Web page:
by the arrangement of building rooftops.
Yet the buildings do not suggest any chaos, but rather
a very different way of arranging an urban landscape. I
learn to navigate Bangkok by memory of what I have seen
up close, instead of what I have seen from the Skytrain
or what I have seen represented on a map. Direct memory
best aids navigation in this fishbowl, while representation
becomes useless (although highly aesthetic, as any map of
One can safely ascertain that the market structure of Bangkok
is similar to that of an American city: the commodity is
a unit of the most basic interaction here. In Bangkok, the
average person's choices are almost always economic
ones; leaving one's residence entails the necessity
of passing vendors, drivers and the like, and could lead
to perhaps purchasing a ride somewhere or being offered
an item that is difficult to turn down (purchase). One is
confronted with economic choices in Bangkok, since all public
space is practically "the market" as well as
Thailand thus simultaneously exaggerates market capitalism
by pushing it to its extreme, confrontational mode and restores
it to a democratic mode by connecting it to the rules of
the public sphere. In the American city, market space and
public space are strictly separated, and most economic choices
are made in private spaces (free from the sense of obligation
or the moral restraint imposed by purchasing in front of
one's community). Americans are slightly repulsed
by economic activity in their public space, even as they
are highly suspicious of public space in general (usually
seeing it as wasteful or the setting for crime), and relegate
its use to occasions. The public space in America is typically
underused by design; people seem to need its distinction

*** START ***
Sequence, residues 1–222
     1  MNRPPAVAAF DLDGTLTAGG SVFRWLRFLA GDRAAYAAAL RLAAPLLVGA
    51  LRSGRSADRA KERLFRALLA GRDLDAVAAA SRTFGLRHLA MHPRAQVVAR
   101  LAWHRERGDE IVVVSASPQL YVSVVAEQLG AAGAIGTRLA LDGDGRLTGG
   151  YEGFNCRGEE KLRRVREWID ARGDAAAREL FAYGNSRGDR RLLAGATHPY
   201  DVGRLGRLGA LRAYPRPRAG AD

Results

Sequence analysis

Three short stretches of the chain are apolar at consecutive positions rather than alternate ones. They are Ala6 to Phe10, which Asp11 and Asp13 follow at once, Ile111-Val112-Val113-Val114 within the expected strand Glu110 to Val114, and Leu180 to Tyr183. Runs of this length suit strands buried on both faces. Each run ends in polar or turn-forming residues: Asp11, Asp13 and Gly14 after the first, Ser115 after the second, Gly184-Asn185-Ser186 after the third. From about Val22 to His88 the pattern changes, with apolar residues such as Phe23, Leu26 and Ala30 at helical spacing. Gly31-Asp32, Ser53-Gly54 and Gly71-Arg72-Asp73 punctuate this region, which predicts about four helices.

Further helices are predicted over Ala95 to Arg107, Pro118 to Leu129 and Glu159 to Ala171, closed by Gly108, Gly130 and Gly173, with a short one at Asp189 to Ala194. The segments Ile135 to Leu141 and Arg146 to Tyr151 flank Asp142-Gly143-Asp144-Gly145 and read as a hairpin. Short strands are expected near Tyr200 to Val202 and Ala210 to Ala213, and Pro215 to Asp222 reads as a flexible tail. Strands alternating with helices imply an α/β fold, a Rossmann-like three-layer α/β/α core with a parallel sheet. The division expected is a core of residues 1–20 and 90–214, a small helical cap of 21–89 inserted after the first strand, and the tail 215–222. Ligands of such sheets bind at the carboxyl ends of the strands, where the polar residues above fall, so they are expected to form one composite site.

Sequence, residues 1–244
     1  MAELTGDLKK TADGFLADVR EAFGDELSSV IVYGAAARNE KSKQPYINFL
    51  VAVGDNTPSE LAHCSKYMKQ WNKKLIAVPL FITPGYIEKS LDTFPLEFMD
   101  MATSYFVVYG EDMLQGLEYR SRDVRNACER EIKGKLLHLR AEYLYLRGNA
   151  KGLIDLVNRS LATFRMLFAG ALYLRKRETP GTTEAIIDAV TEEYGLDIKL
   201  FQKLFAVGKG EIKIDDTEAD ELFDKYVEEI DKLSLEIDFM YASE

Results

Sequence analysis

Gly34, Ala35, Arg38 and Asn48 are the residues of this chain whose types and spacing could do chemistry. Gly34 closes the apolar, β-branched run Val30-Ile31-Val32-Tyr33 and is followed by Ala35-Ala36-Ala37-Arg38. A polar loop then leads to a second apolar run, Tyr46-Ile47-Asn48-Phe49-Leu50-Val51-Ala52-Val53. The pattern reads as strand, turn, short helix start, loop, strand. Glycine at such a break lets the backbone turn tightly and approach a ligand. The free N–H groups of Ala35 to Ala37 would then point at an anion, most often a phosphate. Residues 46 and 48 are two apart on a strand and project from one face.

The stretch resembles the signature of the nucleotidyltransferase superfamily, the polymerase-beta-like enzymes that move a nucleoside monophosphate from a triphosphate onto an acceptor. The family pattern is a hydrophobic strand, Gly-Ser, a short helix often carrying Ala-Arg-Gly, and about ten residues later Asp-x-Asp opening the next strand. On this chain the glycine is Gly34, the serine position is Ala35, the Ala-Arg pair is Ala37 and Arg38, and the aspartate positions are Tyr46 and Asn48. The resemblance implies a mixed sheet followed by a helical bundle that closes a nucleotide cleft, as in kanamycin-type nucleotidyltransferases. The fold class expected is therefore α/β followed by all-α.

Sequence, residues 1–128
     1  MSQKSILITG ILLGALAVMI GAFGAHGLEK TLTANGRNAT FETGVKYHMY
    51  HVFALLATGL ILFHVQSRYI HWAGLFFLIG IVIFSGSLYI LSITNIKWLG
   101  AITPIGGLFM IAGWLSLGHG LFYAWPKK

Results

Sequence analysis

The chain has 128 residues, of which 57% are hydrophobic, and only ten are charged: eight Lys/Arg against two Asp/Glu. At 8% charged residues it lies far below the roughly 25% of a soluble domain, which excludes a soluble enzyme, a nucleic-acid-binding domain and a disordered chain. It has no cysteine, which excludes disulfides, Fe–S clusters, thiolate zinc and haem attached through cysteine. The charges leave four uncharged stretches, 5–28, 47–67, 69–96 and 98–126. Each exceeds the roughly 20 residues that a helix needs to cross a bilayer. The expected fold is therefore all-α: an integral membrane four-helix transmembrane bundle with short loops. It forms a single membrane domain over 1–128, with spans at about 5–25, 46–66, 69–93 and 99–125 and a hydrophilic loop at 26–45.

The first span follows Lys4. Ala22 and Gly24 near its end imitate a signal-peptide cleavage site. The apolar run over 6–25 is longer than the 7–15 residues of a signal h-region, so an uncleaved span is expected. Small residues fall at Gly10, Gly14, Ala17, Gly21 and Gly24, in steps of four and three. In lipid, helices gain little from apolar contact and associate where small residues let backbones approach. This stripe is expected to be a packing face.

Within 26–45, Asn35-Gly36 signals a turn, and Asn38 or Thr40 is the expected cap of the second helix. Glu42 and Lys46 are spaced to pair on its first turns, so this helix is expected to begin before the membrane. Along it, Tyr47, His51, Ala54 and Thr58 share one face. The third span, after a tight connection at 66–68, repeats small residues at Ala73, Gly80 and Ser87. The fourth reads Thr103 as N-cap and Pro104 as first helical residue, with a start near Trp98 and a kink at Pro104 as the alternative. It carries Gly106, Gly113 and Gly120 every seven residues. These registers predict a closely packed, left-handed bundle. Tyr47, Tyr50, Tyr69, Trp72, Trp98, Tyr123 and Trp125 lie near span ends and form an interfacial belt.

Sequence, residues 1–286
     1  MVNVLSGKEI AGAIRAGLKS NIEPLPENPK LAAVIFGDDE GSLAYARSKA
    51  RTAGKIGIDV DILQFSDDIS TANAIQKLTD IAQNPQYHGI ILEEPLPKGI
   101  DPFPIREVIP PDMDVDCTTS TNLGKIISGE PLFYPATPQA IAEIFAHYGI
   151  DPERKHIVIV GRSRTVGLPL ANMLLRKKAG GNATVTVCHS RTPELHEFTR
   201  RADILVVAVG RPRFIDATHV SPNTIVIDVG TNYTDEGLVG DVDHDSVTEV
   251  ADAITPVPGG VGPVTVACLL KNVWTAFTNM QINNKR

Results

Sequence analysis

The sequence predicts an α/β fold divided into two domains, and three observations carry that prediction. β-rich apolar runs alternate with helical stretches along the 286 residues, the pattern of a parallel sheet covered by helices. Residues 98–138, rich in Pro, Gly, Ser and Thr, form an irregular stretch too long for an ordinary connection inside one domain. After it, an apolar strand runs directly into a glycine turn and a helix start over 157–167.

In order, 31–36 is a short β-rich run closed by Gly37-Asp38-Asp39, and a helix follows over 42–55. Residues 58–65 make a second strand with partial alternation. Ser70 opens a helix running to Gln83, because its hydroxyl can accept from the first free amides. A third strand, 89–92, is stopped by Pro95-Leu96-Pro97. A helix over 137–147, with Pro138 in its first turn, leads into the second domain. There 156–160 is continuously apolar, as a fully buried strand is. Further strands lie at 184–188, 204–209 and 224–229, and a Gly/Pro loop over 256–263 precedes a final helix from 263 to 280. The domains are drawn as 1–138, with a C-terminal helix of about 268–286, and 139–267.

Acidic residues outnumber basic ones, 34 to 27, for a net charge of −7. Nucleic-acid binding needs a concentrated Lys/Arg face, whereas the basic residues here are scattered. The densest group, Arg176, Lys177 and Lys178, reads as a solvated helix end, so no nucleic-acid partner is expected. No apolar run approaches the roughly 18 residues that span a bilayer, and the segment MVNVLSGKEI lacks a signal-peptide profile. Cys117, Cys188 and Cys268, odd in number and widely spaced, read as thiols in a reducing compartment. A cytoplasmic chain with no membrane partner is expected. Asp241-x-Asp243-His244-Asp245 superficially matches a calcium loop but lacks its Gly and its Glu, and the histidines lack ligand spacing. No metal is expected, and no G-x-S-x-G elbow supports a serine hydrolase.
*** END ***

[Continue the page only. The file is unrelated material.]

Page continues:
from the regimented private sphere so that not everything
is visually privatized and undemocratic.
In Thailand, such distinctions are laughable. The only
restricted spaces in Bangkok are the royal properties and
some of the wats--although most wats embrace their
status as tourist attractions and open themselves to the
public for a fee. The economy and the society are openly
coextensive, and there is no pretense that economic activity
is somehow immune from the morality of society. Yet that
does not produce much restraint in economic growth or any
desire to offer the poor the opportunities that other people
can purchase. Since society and economy are coextensive,
economic activity shares with society severe stratification
along the age-old lines of religion, gender and wealth.
This is a conservative, theocratic monarchy, after all.
Just like in the United States, of course, but without
the pretense that society and economy are separate spheres.
Just like in the United States, socialism seems impossible
He realizes the limitations of any attempt to re-build
Bangkok through writing. Thus, he turns to descriptive fragments.
Since he is neither an expert on Thai culture nor a Thai,
his fragments are necessarily modest, perhaps even a bit
While moving through Bangkok, I often forget that the bustling